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Fifth Circuit: Authority to Execute Arbitration Agreement

The Fifth Circuit Court of Appeals consolidated two cases that asked similar questions: what level of authority does one need under Mississippi law to execute an arbitration agreement. Both cases involved arbitration agreements relating to nursing homes.

The cases are: Gross v. GGNSC Southaven, LLC and Cotton v. GGNSC Batesville, LLC. In both instances, the trial court denied the nursing homes' motions to compel, reasoning that Mississippi law required an executed power of attorney, or some other "formal legal device" to bind a nursing home resident to confer authority on another to sign an arbitration agreement.

Making an "Erie guess," the Fifth Circuit Court of Appeals remanded the matters back to the district court for a factual finding of whether the son had the express authority to act on his mother's behalf, including executing an arbitration agreement on her behalf.

Thanks to Ronnie Hornberger for bringing these matters to our attention.

Arizona: Mediation Confidentiality and Attorney Malpractice

In Grubaugh v. Bolomo from the Arizona Court of Appeals, a client brought a legal malpractice case against her attorney for allegedly "substandard legal advice given...during a family court mediation." The Arizona Court of Appeals held that any communications "between or among [the client] and her attorney, or the mediator, as a part of the mediation processed are privileged" under state law. Because the privilege was not waived, the communications are neither discoverable nor admissible.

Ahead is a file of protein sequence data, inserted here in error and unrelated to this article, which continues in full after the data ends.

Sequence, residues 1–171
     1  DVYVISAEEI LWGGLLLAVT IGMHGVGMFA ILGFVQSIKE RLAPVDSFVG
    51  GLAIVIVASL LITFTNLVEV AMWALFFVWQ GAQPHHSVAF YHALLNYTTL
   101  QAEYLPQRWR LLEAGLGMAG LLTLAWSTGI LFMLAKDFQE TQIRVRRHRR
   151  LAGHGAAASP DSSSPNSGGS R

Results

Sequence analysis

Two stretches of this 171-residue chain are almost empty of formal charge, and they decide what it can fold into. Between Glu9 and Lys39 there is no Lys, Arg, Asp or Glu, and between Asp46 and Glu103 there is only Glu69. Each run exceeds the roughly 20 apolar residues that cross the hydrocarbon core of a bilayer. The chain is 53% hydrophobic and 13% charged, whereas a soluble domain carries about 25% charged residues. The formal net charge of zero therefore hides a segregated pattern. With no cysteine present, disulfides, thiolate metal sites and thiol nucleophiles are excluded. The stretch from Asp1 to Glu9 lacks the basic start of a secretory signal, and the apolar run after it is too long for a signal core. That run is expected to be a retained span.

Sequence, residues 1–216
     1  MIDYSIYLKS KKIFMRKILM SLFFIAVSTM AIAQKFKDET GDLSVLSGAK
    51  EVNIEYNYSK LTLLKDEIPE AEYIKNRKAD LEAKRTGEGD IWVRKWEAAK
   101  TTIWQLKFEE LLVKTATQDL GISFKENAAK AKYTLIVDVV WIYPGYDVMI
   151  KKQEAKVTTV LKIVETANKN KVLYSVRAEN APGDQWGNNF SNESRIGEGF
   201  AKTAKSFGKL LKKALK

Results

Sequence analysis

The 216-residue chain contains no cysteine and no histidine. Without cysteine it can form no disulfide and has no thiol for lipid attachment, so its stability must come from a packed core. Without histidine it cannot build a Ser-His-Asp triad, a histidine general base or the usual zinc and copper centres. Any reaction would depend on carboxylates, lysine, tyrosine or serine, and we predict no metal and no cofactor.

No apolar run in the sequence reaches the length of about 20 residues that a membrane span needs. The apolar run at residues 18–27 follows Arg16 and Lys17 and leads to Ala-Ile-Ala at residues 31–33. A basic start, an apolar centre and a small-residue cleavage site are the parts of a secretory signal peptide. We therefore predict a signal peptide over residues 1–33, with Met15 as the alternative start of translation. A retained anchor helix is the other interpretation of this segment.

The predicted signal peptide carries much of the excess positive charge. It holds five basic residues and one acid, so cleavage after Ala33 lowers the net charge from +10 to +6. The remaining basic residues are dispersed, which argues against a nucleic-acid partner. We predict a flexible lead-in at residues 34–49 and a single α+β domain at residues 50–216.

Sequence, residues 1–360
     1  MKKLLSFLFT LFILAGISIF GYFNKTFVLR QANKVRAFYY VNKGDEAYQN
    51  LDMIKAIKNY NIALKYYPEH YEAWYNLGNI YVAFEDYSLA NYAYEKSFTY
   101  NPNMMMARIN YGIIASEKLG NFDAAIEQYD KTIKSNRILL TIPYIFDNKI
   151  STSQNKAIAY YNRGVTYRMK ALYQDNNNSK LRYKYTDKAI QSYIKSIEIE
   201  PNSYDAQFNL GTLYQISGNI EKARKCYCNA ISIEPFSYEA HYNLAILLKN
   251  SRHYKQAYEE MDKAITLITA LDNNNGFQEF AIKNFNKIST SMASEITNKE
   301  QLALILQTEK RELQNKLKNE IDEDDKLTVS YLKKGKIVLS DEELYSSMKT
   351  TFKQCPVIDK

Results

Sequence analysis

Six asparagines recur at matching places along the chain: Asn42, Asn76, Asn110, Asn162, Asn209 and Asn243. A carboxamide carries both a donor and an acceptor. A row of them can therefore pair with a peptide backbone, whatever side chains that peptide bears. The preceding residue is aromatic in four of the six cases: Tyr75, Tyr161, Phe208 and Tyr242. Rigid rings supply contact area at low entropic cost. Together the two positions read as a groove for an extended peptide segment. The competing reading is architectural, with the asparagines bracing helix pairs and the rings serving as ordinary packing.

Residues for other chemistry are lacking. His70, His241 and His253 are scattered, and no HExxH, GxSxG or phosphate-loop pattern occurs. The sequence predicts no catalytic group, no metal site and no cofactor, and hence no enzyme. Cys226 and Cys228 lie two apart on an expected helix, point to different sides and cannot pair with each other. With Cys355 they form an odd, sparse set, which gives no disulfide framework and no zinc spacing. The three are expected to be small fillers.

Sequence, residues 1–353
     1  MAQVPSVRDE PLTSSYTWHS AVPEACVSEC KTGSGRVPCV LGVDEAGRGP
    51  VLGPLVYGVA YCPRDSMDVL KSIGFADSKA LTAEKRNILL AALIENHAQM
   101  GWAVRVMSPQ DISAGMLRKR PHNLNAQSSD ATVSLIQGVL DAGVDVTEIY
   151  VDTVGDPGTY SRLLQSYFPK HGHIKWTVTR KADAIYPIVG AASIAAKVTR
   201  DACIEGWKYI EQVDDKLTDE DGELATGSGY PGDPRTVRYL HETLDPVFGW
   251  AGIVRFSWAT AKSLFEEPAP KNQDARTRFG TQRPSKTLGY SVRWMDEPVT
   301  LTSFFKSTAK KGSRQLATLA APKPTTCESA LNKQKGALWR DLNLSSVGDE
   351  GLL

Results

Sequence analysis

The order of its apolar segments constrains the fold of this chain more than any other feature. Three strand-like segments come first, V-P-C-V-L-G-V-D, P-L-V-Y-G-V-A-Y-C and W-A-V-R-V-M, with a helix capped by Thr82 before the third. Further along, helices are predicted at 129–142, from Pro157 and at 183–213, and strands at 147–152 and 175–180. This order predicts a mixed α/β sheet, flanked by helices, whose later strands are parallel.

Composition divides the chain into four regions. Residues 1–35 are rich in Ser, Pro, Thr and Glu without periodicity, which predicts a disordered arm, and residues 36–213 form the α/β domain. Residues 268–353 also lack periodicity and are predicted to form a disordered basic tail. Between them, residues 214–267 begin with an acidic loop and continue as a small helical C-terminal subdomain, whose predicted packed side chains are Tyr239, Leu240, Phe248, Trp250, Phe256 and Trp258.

The Arizona mediation statute is located here. The Arizona Court of Appeals held that the statute did not provide as an exception to mediation confidentiality  attorney-client communications.  The Court also provided a summary of the public policy behind the mediation privilege  and the rights that the former husband had to mediation-related confidentiality, in addition to the now former wife.

Thanks to Ronnie Hornberger for bringing this case to our attention. 

Texas: Trial court erred in failing to enforce arbitration agreement in non-subscriber negligence suit

In Lucchese Boot Co. v. Licon, the El Paso Court of Appeals held that the trial court erred when it denied Lucchese's motion to compel arbitration. According to the court's opinion, Licon suffered work-related injuries and filed a non-subscriber negligence suit against Lucchese, his employer. Lucchese attempted to compel arbitration under the terms of its Area Brands Texas Injury Benefit Plan, and that motion was granted. The El Paso Court of Appeals struck down two other orders compelling arbitration against other Lucchese employees under the same plan because that plan was illusory (because the employer retained an unilateral right to terminate the agreement at any time). Licon moved for reconsideration of the trial court's order and that order was vacated. Lucchese then sought to compel arbitration under its Problem Resolution Program. The trial court denied Lucchese's motion to compel arbitration. The El Paso Court of Appeals reversed the trial court's judgment and remanded the matter for further proc ...

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Texas: Rule 11 agreement was enforceable, but fact issues of performance preclude summary judgment